Article of the Secretary of Public Education, Mtro. Aurelio Nuño Mayer
This year will be key to the transformation of the Mexican educational system. In the coming months, we will present each of the seven priorities that we have formulated to bring educational reform to fruition.
Today we are launching the first of these priorities that we have called the La Escuela al Centro plan. The objective of this scheme is to improve the organization of schools to bring educational reform to the classroom.
In the last few months I have had the opportunity to visit numerous schools in various parts of the country. Although each campus is different, I have found that there are recurring problems. First, most teachers complain of excessive bureaucratic burden that distracts them from their real task: teaching.
It is also common for parents not to find a way to be actively involved in schools. On the other hand, principals and teachers often have nowhere to turn when they need technical-pedagogical accompaniment and support in managing their campus. Similarly, school communities lack the flexibility and financial resources to meet their daily needs.
Finally, instructional time is used inefficiently in most of our schools. Various studies and international experts suggest that at least 85 percent of the time in front of the group is used effectively in learning activities. In Mexico, we allocate only 56 percent.
With the La Escuela al Centro plan we seek a change in the organization of schools so that all members of the community are actively involved in their continuous improvement. The whole system must be at the service of the schools and their students, and provide them with the support they require to raise the quality of education.
Our vision is that schools have principals who effectively exercise their leadership and teachers who work collectively to improve their methods. That the supervisors have the resources to provide technical-pedagogical support to the schools and that they have greater flexibility to organize themselves according to their needs. That parents participate in an active and informed way to contribute to the improvement of education. That the time in schools be used appropriately, dedicating at least 85 percent of class hours to effective teaching time.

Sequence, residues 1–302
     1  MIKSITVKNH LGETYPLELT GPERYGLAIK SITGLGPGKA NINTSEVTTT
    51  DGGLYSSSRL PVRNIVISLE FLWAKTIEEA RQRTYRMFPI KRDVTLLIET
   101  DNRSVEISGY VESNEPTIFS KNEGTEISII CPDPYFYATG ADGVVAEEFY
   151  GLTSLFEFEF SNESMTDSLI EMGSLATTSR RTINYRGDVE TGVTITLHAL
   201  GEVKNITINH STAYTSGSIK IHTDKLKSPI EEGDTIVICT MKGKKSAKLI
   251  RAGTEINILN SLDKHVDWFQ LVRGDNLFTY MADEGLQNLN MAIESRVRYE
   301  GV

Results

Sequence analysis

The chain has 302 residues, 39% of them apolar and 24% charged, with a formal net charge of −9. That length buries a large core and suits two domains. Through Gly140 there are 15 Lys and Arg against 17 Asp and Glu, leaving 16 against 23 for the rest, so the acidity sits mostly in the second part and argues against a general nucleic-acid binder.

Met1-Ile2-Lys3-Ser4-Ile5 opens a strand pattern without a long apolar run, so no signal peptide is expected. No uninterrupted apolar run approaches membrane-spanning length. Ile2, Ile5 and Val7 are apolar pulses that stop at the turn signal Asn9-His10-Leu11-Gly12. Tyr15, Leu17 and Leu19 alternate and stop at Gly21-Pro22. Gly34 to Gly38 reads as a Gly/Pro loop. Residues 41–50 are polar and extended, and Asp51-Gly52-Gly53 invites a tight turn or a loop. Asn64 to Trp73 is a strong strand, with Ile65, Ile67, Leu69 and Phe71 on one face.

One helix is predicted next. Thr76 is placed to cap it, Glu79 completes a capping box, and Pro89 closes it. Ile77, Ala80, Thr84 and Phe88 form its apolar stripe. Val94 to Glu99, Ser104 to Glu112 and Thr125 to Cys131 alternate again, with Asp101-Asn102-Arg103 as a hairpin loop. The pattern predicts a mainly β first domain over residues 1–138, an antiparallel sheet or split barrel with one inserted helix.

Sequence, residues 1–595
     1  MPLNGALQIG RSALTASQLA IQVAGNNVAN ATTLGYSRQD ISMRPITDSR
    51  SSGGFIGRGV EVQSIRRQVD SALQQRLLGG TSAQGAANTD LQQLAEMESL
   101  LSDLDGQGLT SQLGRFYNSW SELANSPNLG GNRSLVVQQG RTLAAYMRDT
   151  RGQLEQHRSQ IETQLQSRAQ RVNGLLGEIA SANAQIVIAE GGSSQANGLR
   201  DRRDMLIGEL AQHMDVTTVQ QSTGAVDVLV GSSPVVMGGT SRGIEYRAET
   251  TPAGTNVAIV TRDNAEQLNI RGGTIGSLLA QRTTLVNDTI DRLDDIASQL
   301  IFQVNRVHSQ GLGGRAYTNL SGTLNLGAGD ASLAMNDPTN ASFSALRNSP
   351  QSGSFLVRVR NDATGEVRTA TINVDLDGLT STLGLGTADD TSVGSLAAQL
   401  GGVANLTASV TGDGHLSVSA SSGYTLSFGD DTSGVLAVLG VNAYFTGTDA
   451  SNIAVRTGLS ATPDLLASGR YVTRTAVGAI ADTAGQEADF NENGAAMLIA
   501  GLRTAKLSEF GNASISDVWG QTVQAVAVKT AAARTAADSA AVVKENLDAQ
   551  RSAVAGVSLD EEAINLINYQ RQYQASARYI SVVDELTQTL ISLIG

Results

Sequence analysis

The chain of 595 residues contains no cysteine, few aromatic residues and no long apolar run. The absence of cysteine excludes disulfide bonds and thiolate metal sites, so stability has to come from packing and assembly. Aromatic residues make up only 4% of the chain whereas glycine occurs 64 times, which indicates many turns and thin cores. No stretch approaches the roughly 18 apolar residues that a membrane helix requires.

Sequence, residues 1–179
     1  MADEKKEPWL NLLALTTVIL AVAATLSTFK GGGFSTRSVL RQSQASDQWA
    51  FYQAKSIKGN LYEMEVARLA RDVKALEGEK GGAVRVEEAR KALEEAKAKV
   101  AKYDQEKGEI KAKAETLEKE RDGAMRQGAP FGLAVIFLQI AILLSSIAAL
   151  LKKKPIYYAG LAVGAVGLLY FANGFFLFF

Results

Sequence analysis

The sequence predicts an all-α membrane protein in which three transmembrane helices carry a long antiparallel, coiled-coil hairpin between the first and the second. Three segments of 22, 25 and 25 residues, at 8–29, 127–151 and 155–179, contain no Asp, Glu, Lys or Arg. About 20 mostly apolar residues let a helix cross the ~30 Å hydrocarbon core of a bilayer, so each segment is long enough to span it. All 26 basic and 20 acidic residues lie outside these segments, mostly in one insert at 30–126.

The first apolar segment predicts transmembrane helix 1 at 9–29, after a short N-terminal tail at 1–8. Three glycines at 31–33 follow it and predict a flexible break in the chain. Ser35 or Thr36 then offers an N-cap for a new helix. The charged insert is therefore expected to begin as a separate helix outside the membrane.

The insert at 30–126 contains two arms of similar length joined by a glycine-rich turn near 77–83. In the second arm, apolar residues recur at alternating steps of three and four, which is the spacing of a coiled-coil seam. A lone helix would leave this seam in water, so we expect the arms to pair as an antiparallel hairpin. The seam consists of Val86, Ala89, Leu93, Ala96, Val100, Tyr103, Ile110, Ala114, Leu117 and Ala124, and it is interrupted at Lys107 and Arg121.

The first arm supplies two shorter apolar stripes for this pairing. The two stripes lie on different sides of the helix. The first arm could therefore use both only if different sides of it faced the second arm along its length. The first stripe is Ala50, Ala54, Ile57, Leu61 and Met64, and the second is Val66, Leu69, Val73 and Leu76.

To make this vision a reality, we will work together with local educational authorities, teachers, principals, and parents in six lines of action.
First, a new school organization with less bureaucracy. We will seek that each campus has an assistant principal for school management and an assistant principal for academics. For their part, the supervisors will have a technical-pedagogical support team and a management team. Lastly, the requests for information made to schools today by various bodies will be limited. Taken together, these measures will reduce bureaucratic burden and reorganize schools in such a way that they can focus on improving the quality of education.
Second, more resources for schools. Each school will receive its own budget to strengthen its management autonomy, according to its enrollment and its level of lag. With these resources, the community of each campus – principal, teachers and parents – will be able to decide collectively on what to spend the money, whether it is to fix a broken glass or to buy educational materials. The goal for the next school year is to go from the 50,000 schools that currently have this type of resources through the Educational Reform Program and the Full-Time Schools, to 75,000. In a complementary way, we will launch an online portal where teachers, principals and supervisors can consult in exchanging pedagogical resources and experiences.
Third, strengthening of the School Technical Councils. These councils are critical to improving instruction in schools because they bring together teachers and the principal of each campus for academic planning and monitoring. Until now, the guidelines required that these councils meet three times before the start of school to plan the year and last Friday of each month to follow up on the improvement path. With the La Escuela al Centro plan, we will give each school community greater flexibility to organize these tasks. It will no longer be mandatory, for example, that the sessions of these tips be on Fridays. Each school, both public and private, will be able to choose the day of the month and the time that suits them best.